What’s the deal with evictions in Wyoming?
George Carlin once said that a house is “a place to keep your stuff while you go out and get more stuff.” As far as I know, George Carlin wasn’t a landlord, but his words do speak to a particular phenomenon that we’ve all experienced, whether we’re landlords or not. Too much stuff, whether it’s your stuff or someone else’s, can make life complicated, if not downright unpleasant, whether it’s simple clutter, or big piles of junk. What do you do when it gets to be too much? As Carlin says, “Sometimes you gotta move, gotta get a bigger house. Why? No room for your stuff anymore.”
Recently, this was the experience of the owners and tenants of Holmes Trailer Park, in Cheyenne. Many of the park’s residents were prone to keeping their “stuff” out all over their property, much to the dismay of the city. After removing so much of their tenants’ things at their own expense, the owners realized they had to take matters into their own hands. They decided it was time to revamp the plot of land, not just for the benefit of the neighborhood, but to reestablish the value of the property. Tenants were given 48-days’ notice to vacate.
Although many of the tenants felt this was unfair, according to Wyoming law, it’s within the owners’ rights to evict them for this reason, and for a number of other reasons that may have applied — which we’ll get into in a moment. And, while the hope is that you never have to deal with any of the following situations, there may come a time in your career as a property manager or landlord that you will need to evict a tenant.
In which case, it’s important that you follow proceedings to the letter of the law. Read on to learn more about your responsibilities and rights as a landlord.
What are some reasons I can evict a tenant?
- Nonpayment of rent
- Any violation of the lease agreement
- The lease has expired, or it is a month-to-month agreement
- There has been significant damage to the property
Are there situations in which I cannot evict a tenant?
Tenants cannot be evicted if any of the above situations have not occurred.
Tenants cannot be evicted as a form of of retaliation. If you have failed to provide adequate living conditions to the tenant, and they have filed a complaint with you or the proper state offices, they cannot be evicted in response.
That said, evictions are considered retaliatory if a tenant has:
- Complained to the landlord about unsafe or illegal living conditions
- Complained to state or city health or building inspectors
- Joined or formed a tenants union
What is the process normally like?
Before we take a look at the legal proceedings for removing a tenant from a property, it’s important to remember that court cases cost valuable time and money. If possible, try to find a way to settle out of court. If that’s not an option, then the following is what you can expect from an eviction case.
Remember that so-called “self-help” evictions (i.e. shutting off electricity, or changing the locks on your tenants) are illegal. In order to legally evict a tenant, you must carefully follow Wyoming property laws, by filing and serving relevant notices to the tenants regarding their tenancy.
- You may issue a 3-day notice to quit. A 72-hour notice is required when the rent is 3 days late, if the tenant has broken any of the lease terms, or otherwise caused significant damage to the property.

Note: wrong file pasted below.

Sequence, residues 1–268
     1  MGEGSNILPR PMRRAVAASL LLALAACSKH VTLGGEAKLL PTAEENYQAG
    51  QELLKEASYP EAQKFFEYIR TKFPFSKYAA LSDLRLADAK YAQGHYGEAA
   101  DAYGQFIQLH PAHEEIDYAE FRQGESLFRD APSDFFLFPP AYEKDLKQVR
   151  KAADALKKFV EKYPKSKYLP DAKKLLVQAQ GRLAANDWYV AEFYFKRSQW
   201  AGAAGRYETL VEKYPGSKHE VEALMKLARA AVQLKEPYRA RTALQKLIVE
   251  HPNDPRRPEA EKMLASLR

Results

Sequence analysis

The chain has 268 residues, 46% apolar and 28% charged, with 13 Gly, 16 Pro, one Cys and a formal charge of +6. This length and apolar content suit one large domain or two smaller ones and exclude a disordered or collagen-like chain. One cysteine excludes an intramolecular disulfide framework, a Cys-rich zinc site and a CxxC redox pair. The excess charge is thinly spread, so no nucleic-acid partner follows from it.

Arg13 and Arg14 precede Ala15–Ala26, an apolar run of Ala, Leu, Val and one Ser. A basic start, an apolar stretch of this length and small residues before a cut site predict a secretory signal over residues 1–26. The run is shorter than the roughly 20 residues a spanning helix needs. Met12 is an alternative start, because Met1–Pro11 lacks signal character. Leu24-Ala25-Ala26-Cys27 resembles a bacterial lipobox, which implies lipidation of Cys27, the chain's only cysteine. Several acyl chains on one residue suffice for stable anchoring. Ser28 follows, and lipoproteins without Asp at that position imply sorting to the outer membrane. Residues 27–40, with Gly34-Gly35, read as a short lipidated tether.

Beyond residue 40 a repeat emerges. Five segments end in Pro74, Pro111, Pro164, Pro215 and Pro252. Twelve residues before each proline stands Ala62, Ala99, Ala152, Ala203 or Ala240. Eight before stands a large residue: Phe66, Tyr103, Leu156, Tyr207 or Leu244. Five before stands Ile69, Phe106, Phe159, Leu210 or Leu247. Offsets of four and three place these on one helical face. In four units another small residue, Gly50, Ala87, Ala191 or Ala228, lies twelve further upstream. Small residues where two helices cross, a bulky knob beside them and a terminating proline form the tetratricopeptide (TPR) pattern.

- If the tenant has been paying rent, but their lease has expired, you may evict the tenant based on the expiration of the lease.
- If they are tenant-at-will, or on a month-to-month lease, they can be evicted at any time. In either case, you must give the tenant a 30-day notice to vacate.
- If the tenant has not vacated the premises based on the notice date, then the next step is taking the matter to court by way of a forcible entry or detainer suit.
- The summons will be delivered to the tenant, and should list a date and time for the hearing. If the tenant wishes to appeal they must file an answer before they appear in court. At the hearing, the Judge will hear from both parties before reaching a decision. It’s a good idea to be prepared with any necessary documents in order to present your case.
- If the court rules in favor of eviction, they may also award the owner or landlord reparations for unpaid rent, late fees, and other associated eviction costs. The judge will also issue a Writ of Restitution, which allows the sheriff to come and remove the tenants’ property, if necessary, and lock them out of the property. The document will give list the details in terms of date and time of the sheriff’s arrival, but this can be anywhere from 0-30 days from the time of the hearing.
- If the tenants left property behind, they must be notified that they have seven days to come pick it up, and where it is being held. The former tenants are also responsible for any costs associated with storage.
Where can I learn more?
If you have any questions, or think you may want to start the eviction process with a tenant in Wyoming, please consult a lawyer.
- Wyoming Legal Aid: Eviction FAQs
- Wyoming State Legislature: Evictions
- NOLO: Eviction Defenses in Wyoming
- NOLO: Eviction Procedures in Wyoming
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Disclaimer: The materials on this database provide general information related to the law and are intended to provide a layman’s summary of the law. The information provided does not constitute legal advice and the manager of this database is not a law firm. These materials are intended, but cannot be promised or guaranteed to be current, complete or up-to-date. All of the information offered are intended for general informational purposes only. You should not act or rely on any of the information contained on this database without first seeking the advice of a qualified attorney.